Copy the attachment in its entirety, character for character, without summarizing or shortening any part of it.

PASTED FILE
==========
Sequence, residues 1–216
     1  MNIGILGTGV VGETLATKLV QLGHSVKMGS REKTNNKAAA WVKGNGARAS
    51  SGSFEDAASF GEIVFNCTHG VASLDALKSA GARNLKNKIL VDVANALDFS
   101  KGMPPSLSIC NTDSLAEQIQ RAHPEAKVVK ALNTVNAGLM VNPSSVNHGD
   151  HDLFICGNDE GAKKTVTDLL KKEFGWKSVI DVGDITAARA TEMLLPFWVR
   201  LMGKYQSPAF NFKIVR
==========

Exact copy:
Sequence, residues 1–216
     1  MNIGILGTGV VGETLATKLV QLGHSVKMGS REKTNNKAAA WVKGNGARAS
    51  SGSFEDAASF GEIVFNCTHG VASLDALKSA GARNLKNKIL VDVANALDFS
   101  KGMPPSLSIC NTDSLAEQIQ RAHPEAKVVK ALNTVNAGLM VNPSSVNHGD
   151  HDLFICGNDE GAKKTVTDLL KKEFGWKSVI DVGDITAARA TEMLLPFWVR
   201  LMGKYQSPAF NFKIVR